‘See the young man who was abusive about Muamba got a custodial sentence. Let it be a warning to all you immature souls. #thinkbeforeyoutweet.’ So tweeted ex-footballer Gary Lineker, popularising the #thinkbeforeyoutweet hashtag used in reaction to the news that 21-year-old student Liam Stacey was to be imprisoned for 56 days. Stacey had posted abusive comments about Bolton footballer Fabrice Muamba who fell ill during an FA Cup match.
Lineker was far from alone in seeing the imprisonment of Stacey as an important warning for internet ‘trolls’ everywhere. The Apprentice star Lord Alan Sugar responded to the news with the tweet ‘BLOODY GOOD JOB. Be warned idiots!’, and veteran broadcaster James Whale claimed ‘people who abuse Twitter take note’. Others went still further, tweeting that they hope people will ‘rape the fuck out of him’ in prison, with the #DONTDROPTHESOAP hashtag being frequently used. One Twitterer even claimed, ‘I wouldn’t really care if Liam Stacey died. He’s a sick man, from the scum of the earth.’
Sure, even if Stacey had drunk the eight pints he claimed to have done before tweeting ‘LOL. Fuck Muamba he’s dead!!! #Haha’, you would still have to be pretty sick in the head to do so. And his racist responses to some people who criticised him afterwards were obnoxious. Stacey rightly deserved to be challenged and put in his place.
But the censorious Twittersphere wouldn’t stop at that. One person proudly boasted about being ‘one of 100s who reported his racist tweets to the police’, which eventually led to him being incarcerated. Upon being sentenced at Swansea Magistrates Court, district judge John Charles announced, ‘At that moment, not just the footballer’s family, not just the footballing world, but the whole world were literally praying for his life. Your comments aggravated this situation.’ The judge told Stacey he had done ‘untold harm’ to his future.
So you can now be locked up for 56 days simply for saying something that aggravates people? That Liam Stacey had less than 300 followers on Twitter out of a potential 140million means that a very small number of people would have been aggravated by him, and these could simply have chosen to block his comments. Had the comments been ignored, rather than highlighted by offence-seeking campaigners, they would have remained a miniscule drop into the ocean of 340million tweets made each day. Certainly a number of Stacey’s comments were racist, but to claim – as Judge Charles did – that this instigated other nasty tweets against Muamba is highly questionable. People are not automatons, and don’t just read comments and decide to mimic them. If others tweeted nasty comments about Muamba, they are responsible for them, not Stacey. A couple of racist tweets does not a racist pogrom make.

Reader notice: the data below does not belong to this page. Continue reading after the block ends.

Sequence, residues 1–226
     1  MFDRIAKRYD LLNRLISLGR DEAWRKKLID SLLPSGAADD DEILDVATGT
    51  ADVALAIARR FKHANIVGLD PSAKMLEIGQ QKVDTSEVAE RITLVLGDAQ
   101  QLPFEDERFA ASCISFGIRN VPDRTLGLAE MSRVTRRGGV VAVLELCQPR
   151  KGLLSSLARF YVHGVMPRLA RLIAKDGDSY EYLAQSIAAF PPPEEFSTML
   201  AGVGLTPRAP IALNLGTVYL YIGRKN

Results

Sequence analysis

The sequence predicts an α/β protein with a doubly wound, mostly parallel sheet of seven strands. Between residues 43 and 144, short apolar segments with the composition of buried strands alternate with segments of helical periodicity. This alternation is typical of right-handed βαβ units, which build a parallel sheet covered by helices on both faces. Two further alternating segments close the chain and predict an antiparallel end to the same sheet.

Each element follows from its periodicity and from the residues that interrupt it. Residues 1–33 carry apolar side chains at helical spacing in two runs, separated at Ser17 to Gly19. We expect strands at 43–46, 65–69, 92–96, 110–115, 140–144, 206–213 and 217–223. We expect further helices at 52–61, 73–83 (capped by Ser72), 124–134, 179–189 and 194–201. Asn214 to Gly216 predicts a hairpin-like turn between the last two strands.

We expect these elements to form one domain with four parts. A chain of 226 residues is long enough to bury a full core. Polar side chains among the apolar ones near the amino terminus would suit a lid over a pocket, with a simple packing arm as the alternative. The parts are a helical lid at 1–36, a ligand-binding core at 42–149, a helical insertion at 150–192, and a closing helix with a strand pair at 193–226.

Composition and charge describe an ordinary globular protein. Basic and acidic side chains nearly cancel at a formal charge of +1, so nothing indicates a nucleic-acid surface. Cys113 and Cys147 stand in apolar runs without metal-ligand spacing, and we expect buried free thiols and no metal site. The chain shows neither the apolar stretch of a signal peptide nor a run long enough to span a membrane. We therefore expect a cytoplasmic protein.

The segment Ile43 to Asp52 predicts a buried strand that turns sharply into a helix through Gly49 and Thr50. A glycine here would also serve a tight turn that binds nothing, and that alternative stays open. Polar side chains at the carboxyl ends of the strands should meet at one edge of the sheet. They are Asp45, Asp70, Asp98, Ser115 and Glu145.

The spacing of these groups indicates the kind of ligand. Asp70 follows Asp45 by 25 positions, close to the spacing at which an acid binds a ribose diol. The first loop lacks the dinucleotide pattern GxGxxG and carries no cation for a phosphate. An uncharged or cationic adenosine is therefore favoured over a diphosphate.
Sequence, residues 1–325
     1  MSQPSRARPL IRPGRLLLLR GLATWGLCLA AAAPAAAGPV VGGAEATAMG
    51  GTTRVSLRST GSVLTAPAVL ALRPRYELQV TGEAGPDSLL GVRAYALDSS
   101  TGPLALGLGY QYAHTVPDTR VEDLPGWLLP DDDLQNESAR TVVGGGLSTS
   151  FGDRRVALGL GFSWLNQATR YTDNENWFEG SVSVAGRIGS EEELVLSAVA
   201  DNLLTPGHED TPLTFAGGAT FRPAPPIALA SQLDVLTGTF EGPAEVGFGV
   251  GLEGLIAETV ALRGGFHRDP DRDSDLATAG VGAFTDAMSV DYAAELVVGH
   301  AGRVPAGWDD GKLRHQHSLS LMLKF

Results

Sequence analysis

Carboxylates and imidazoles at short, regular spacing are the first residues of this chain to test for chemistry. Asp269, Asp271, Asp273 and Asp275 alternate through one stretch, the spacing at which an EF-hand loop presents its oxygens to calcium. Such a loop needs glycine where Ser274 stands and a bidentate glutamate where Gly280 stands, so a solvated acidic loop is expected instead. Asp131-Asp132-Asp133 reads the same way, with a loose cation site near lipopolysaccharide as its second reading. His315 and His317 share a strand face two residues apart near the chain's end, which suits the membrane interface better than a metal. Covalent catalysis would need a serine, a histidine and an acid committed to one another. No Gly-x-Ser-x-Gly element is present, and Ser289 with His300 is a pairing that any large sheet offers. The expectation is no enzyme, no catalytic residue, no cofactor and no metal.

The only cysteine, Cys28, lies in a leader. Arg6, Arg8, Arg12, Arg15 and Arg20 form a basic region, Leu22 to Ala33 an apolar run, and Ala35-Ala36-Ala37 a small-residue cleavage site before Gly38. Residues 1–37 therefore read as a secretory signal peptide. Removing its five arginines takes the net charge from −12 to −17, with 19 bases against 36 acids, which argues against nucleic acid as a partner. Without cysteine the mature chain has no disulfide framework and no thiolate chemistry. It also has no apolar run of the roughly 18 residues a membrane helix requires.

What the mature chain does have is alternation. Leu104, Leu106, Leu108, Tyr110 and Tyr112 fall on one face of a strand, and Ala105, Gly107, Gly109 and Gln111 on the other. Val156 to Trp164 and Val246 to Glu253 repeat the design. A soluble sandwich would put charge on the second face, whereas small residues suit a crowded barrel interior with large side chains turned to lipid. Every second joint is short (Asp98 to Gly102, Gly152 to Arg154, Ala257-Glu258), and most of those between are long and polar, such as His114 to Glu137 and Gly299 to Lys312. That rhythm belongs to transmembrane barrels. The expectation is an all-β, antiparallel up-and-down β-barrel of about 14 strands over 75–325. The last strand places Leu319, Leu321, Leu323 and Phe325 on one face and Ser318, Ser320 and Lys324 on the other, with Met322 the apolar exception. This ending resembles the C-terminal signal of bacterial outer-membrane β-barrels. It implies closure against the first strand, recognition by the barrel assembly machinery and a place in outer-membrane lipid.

Judge Charles concluded that, ‘I have no choice but to impose an immediate custodial sentence to reflect the public outrage at what you have done’. But he did have a choice. He could have ignored the ‘public outrage’, much of it emanating from snitches on Twitter, and upheld Stacey’s freedom of speech, the foundational freedom upon which all of our democratic freedoms rest upon. He could have recognised that if you lock someone up for saying what are deemed to be the ‘wrong’ things, no matter how vile, then free speech no longer exists in the UK. The state, in the form of court judges, is now seemingly permitted to become the arbiter of the boundaries of what can or cannot be said.
Even mounting a defence of the bedrock liberty of modern society is likely to see you attacked by the Twitterati, however. Broadcaster Piers Morgan, for example, tweeted to over 2million followers: ‘Trying to work out who’s more idiotic – that dumb, racist cry-baby #LiamStacey or those trying to defend him on grounds of “free speech”.’ Morgan continued: ‘Still getting Twitter trolls demanding their “free speech” right to racially abuse black footballers as they lie in comas. Just p*** off… Actually, I’ve got a better idea – keep spewing your racist filth, vile trolls, and let’s get you all arrested and jailed like #LiamStacey.’ (Hilariously, he then responded to his detractors claiming, ‘Come on you vile little trolls – let me have your worst. I can handle it. #SticksAndStones.’)